ATM Modernization, Business & GA, Embedded Avionics, Military

Fusion Avionics Introduced to Rotorcraft

By By Woodrow Bellamy III | March 3, 2015
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[Avionics Today 03-03-2015] The Pro Line Fusion is one of the most popular integrated avionics platforms in fixed wing airframes. Now, Rockwell Collins is bringing the system to the commercial helicopter market, displaying a flyable mock version with prototype software at Heli-Expo 2015 in Orlando, Fla. This transfer requires development of the system to handle a wider range of missions than it currently does in fixed-wing operations.

Pro Line Fusion for the rotary wing market
Pro Line Fusion for the rotary wing market. Photo: Rockwell Collins.

“We’re adapting the [Flight Management System] FMS capabilities in Pro Line Fusion to incorporate all of the helicopter flight and mission function that we’re very familiar with from the years we’ve been involved in helicopters on the government side,” Andre Jetton, manager of strategy and business development for civil helicopters at Rockwell Collins, told Avionics Magazine. “It’s much less taking a fixed-wing system and changing that for helicopters. It’s more about taking the innovation in the Pro Line Fusion design and architecture and philosophy and putting that on top of a lot of our existing FMS and mission management capabilities.”

Pro Line Fusion has already proven its flexibility in the fixed-wing market. Since Rockwell Collins first launched the platform at the National Business Aviation Association (NBAA) industry show in 2007, the integrated avionics system has been selected for 17 different aircraft, including a tilt rotor aircraft that has fixed wing and rotary wing capabilities. It is primarily a software-based architecture, and a networked and modular-based system, which makes it easier to introduce different functionality without disrupting the highly integrated system already in place.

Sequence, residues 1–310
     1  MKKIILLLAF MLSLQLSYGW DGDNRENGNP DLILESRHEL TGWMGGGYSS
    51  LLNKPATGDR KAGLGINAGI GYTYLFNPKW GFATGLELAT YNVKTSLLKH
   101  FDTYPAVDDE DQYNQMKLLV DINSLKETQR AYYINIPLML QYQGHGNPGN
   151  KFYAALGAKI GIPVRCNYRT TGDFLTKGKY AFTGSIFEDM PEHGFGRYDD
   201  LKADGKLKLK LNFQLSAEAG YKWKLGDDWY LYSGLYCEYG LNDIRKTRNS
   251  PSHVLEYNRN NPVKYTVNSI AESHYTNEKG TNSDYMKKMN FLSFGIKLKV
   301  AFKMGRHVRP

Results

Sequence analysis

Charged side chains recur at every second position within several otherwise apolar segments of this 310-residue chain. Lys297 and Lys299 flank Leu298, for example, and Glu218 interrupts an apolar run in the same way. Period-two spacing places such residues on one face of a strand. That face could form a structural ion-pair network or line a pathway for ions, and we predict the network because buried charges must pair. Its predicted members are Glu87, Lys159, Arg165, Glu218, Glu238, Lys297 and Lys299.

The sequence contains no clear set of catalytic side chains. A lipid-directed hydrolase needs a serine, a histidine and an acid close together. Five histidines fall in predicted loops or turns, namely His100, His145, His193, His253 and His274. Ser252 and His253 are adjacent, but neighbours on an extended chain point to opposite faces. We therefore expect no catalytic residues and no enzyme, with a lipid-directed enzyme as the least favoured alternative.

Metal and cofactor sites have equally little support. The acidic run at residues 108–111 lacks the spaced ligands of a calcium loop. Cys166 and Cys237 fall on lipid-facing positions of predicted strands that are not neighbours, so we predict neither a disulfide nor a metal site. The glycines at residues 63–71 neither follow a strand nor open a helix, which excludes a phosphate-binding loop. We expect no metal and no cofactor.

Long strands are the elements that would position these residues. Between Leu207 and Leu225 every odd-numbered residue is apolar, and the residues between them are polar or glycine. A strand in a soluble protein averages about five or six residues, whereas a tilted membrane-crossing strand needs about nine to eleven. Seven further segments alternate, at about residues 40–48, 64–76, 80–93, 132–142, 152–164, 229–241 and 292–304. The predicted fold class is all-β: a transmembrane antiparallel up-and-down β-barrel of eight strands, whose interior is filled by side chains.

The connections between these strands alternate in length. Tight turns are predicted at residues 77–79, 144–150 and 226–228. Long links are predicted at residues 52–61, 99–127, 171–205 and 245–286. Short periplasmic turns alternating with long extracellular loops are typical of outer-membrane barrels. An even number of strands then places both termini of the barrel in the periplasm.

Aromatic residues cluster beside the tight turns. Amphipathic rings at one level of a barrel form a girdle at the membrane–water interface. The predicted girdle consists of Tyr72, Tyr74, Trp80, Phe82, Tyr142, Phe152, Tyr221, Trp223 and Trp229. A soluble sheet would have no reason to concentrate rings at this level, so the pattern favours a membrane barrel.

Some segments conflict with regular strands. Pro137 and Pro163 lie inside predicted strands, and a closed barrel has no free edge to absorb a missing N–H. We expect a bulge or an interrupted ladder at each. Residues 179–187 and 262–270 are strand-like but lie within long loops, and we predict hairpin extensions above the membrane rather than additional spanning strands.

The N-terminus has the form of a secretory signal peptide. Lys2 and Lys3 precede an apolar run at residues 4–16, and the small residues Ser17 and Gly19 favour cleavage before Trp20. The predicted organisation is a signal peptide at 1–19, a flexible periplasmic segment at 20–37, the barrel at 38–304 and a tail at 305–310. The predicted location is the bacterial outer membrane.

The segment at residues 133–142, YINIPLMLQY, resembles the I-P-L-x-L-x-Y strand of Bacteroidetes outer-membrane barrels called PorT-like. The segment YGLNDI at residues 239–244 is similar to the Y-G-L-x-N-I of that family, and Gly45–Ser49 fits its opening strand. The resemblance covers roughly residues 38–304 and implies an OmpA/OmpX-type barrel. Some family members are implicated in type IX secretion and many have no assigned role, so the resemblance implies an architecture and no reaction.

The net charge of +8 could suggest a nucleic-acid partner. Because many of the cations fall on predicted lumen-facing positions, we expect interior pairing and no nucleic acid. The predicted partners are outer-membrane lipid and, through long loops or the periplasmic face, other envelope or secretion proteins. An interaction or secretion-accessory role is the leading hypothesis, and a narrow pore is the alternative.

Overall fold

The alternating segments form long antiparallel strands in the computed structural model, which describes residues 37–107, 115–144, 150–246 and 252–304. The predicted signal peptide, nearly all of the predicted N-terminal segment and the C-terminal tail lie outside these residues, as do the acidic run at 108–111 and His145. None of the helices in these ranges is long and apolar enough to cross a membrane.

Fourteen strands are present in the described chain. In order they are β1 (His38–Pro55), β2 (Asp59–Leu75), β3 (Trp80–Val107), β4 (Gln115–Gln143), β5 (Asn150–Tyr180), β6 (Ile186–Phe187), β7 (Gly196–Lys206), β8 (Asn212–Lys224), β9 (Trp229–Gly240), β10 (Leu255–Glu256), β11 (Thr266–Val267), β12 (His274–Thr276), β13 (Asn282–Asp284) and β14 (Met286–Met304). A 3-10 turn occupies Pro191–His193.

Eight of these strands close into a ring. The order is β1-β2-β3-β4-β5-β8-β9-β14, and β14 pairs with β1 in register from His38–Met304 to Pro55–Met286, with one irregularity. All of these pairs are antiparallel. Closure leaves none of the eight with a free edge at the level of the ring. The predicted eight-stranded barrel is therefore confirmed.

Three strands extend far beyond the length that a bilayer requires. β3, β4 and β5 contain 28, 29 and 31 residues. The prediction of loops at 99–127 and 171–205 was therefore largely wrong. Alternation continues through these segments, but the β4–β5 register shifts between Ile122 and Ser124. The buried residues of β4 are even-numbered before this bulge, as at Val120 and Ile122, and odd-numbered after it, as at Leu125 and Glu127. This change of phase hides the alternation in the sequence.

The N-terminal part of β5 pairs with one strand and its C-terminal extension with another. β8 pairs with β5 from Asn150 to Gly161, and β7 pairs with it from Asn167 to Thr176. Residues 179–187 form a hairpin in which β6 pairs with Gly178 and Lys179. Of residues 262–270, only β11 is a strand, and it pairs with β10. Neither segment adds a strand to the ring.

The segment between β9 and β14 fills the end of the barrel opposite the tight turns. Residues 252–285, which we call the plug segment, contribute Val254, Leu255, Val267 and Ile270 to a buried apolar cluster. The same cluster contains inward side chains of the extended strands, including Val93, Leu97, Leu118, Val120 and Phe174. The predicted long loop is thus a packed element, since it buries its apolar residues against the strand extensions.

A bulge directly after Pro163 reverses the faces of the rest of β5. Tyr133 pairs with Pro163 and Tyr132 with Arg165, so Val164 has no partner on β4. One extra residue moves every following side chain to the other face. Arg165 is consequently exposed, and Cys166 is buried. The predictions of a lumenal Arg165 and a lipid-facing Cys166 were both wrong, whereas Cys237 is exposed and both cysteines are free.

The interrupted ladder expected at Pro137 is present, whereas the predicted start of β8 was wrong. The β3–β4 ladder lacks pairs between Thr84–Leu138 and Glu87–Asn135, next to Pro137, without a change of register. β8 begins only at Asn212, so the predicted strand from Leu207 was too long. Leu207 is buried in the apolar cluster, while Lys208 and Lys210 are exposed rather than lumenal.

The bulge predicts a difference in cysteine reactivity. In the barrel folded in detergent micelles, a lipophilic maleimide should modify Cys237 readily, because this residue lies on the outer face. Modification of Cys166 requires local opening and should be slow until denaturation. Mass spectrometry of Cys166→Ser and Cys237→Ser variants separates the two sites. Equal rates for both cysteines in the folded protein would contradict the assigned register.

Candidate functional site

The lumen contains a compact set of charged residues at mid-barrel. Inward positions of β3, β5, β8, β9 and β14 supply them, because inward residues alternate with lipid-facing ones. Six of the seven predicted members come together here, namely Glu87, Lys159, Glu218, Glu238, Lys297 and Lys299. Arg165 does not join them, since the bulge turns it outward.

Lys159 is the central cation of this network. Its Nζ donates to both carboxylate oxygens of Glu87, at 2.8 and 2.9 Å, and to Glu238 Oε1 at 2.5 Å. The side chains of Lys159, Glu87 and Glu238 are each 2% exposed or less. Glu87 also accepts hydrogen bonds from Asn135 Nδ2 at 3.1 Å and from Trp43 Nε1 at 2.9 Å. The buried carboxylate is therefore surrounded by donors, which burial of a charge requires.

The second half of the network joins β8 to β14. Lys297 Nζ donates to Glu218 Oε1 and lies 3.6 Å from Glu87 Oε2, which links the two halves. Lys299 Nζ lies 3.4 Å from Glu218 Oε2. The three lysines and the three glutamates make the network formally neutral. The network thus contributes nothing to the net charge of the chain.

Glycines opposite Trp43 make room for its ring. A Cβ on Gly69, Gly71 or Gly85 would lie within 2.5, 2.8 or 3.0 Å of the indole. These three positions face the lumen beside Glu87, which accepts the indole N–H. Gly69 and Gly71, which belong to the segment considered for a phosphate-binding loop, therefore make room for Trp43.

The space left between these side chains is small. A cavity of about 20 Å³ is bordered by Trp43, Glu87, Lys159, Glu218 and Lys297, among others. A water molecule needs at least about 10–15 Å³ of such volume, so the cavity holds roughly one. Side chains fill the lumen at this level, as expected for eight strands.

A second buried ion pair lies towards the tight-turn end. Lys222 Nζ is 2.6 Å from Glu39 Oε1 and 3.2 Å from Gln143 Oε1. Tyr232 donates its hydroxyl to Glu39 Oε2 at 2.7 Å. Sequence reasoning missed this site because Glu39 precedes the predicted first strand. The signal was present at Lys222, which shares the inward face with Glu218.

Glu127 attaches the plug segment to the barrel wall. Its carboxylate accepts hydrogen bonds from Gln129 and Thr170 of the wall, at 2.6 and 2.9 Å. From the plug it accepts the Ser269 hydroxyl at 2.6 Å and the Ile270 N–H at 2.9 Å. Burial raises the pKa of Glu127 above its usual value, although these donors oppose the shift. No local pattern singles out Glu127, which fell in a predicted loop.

Rockwell Collins will face some tough competition in brining its Fusion platform to the civil helicopter market. Garmin first launched its G5000H integrated avionics platform for medium lift helicopters in 2012. Honeywell’s Primus Epic flight deck also has widespread adoption in the market. There are also competitive products currently still in the development stage, including Universal Avionics’ Next Generation Flight Deck optimized for light twin helicopters and the Thales 2020 — the first full touchscreen integrated flight deck designed for a rotorcraft cockpit, scheduled to make its debut later this decade.

That level of flexibility in Pro Line Fusion should lead to the system garnering the same level of widespread adoption in the helicopter market as it has in fixed wing. Helicopters typically fly at lower attitudes, often in Degraded Visual Environments (DVEs) and turbulent flight conditions, requiring avionics systems with a higher level of software certification and more robust Line Replaceable Units (LRUs) for the vibration environment.

Prior to bringing the Pro Line fusion to the helicopter arena in 2015, Rockwell Collins’ research and development team was already testing even more advanced capabilities for the system. In the fall of 2014, a collaboration between the Rockwell Collins Advanced Technology Center and Iowa College of Engineering Operator Performance Laboratory demonstrated the ability of the Pro Line Fusion to be used as a ground control station for Unmanned Aircraft Systems (UAS). During the demonstration, a reconfigured Pro Line Fusion box used a certified digital communications link to securely communicate flight commends to an optionally piloted Beechcraft Bonanza.

Pro Line Fusion is bringing this same level of flexibility to helicopters, providing operators with the ability to establish mission-specific operational profiles, including offshore platform approaches, hover in place, Search and Rescue (SAR) and other mission-critical scenarios.

“You have to change some of the [Primary Flight Display] PFD formats, engine optics, to make it look and feel as if you’re in a helicopter cockpit because you’re flying differently,” said Jetton. “Another change revolves around how we implement the Fusion [Human Machine Interface] HMI, which is an approach to designing avionics around the pilot’s phase of flight and the tasks they’re trying to do at any point and time, versus around control of different LRUs. Realizing pilots fly helicopters much differently than fixed wing aircraft, when and how they use touch screens versus a traditional knob or push button control is critical. We’re working on adapting the HMI design to match that different operating environment.”

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